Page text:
|Lowest Recommended Age:||Middle School|
|Profanity:||Several four-letter words|
|Nudity/Sex:||Implied nudity, sexual references and situations|
|Alcohol/Drugs:||Characters drink and smoke, underage character gets tipsy|
|Movie Release Date:||2004|
Pop princess Mandy Moore plays the President’s runaway 18-year-old daughter in this formula romantic comedy designed for middle school girls and not of much interest or appeal for anyone else.
Anna (Moore) is a sweet kid who understands that being followed by secret service agents and having her picture taken with tourists and dignitaries is part of the job decription. Like any other 18-year-old, she thinks her parents are too protective. Her secret service code name maybe “Liberty,” but she feels anything but free. On a trip to Prague, her father (Mark Harmon) breaks his promise to limit her secret service protection to two agents, so she runs away, with the help of a handsome guy named Ben (Matthew Goode) with all three requirements to make any pop princess swoon — a dazzling smile, a moped, and a British accent.
It turns out that Ben is in the secret service, too, but the President orders him not to tell Liberty, so that she can have the illusion of an adventure. Things do not go as planned, and they end up having more of an adventure than they expected.
The movie has pretty things to look at, especially Prague and Venice and newcomer Goode who is very good indeed. And we want to root for the overprotected Liberty, never alone but always lonely, to take some risks and have some fun. But Moore is so limited as a performer, the plot and dialogue are so superficial and unimaginative, and the lack of chemistry between the leads is so intrusive that a recap montage of the would-be high points near the end just seems painful.
Parents should know that characters use some strong language in the movie (about the level of night-time network television) and characters smoke (there is a running joke about the President liking cigars) and drink (while they make it clear that Liberty is not breaking the law because it is legal to drink at age 18 in Europe, she does get tipsy and behaves foolishly as as result). Characters also lie and steal without any second thoughts or consequences. Liberty and Ben leave a restaurant without paying and lie to get a free gondola ride.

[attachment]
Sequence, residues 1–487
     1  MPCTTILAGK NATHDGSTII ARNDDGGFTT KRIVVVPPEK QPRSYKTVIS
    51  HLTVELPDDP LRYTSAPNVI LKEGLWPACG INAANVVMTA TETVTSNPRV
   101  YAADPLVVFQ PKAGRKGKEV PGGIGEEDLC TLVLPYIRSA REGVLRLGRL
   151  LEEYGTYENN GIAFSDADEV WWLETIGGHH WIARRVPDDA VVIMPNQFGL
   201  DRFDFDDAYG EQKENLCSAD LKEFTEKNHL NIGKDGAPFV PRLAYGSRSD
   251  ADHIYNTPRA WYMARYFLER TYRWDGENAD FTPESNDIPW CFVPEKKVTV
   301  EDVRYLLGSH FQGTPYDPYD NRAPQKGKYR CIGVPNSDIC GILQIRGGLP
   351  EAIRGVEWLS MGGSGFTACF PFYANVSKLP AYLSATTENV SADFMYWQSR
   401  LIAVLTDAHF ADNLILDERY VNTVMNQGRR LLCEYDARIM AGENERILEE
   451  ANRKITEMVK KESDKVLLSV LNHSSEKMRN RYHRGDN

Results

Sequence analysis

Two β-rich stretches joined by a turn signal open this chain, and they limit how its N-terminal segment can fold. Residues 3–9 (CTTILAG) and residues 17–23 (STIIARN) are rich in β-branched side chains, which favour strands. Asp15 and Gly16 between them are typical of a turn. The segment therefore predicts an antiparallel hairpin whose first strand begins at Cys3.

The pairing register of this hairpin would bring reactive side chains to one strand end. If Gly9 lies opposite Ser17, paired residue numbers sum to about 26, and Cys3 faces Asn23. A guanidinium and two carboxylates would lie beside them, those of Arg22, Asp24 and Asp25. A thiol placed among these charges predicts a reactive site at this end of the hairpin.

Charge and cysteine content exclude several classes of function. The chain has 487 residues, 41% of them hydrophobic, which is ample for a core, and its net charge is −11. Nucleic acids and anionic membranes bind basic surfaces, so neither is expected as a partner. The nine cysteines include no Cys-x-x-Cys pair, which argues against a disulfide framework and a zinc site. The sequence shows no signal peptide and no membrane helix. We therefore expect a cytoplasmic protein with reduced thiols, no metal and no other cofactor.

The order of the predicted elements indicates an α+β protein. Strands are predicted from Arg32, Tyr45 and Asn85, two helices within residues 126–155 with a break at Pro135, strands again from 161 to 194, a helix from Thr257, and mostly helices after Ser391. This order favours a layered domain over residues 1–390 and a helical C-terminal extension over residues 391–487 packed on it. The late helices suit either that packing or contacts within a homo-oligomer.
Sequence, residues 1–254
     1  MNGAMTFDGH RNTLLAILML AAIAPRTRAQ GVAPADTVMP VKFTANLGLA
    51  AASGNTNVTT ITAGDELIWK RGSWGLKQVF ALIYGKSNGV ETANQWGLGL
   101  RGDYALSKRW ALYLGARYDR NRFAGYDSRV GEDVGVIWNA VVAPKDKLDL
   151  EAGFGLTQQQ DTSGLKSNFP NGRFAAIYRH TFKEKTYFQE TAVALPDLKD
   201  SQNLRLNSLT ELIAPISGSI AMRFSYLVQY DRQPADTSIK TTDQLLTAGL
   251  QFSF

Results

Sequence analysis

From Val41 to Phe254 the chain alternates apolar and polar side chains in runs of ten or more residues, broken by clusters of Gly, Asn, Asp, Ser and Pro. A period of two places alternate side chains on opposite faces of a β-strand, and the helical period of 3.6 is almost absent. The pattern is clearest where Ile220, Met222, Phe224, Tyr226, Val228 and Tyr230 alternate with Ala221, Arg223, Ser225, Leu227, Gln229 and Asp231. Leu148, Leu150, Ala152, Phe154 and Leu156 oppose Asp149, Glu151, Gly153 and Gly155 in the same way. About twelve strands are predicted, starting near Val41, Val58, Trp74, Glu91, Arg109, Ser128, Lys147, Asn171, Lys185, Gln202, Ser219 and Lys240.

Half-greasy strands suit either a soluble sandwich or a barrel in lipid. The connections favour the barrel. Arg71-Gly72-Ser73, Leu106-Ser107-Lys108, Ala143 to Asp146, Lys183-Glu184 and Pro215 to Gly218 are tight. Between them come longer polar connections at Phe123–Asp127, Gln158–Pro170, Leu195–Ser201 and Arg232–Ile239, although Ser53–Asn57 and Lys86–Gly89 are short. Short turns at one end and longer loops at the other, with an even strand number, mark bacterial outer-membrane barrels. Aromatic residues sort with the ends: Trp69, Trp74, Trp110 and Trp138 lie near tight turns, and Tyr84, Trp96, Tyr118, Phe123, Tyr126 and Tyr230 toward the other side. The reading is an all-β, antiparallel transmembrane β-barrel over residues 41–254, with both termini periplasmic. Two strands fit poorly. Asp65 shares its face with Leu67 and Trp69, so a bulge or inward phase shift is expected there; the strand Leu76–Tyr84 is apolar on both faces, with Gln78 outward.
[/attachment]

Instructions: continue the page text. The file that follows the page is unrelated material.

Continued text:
The movie has sexual references that are much spicier than the sexual situations. A girl begins to explain the appeal of a pierced tongue, but is stopped before she can finish. Liberty complains about not getting a chance to get to “third base.” Liberty twice takes her clothes off in front of Ben (nothing shown), once intending to seduce him, but he refuses. Even after they declare their feelings for each other, they do not have sex, a refreshing departure for the norm in this genre.
Families who see this movie should talk about how Liberty’s situation is just an exaggerated version of the struggles that all parents and teenagers have over independence. Why did Liberty try to get Ben to have sex with her? Why did he turn her down? What made them like each other? Families might want to read up on Alice Roosevelt, the headstrong and outspoken daughter of President Theodore Roosevelt. When asked why he did not stop her from getting into trouble, he replied that he could control the affairs of state, or control Alice, but could not possibly do both.
Families who enjoy this movie will also enjoy two classics of the lonely, overprotected rich girl runaway genre, the multiple Oscar-winning It Happened One Night and Roman Holiday, must viewing for all families with young girls. Older viewers might enjoy another peek at romance in the White House with Michael Douglas and Annette Benning in An American President. A bittersweet story about the relationship between a President’s widow and a Secret Service agent is Guarding Tess. The script is not very imaginative, but the movie is worth watching for lovely performances by Shirley Maclaine and Nicolas Cage.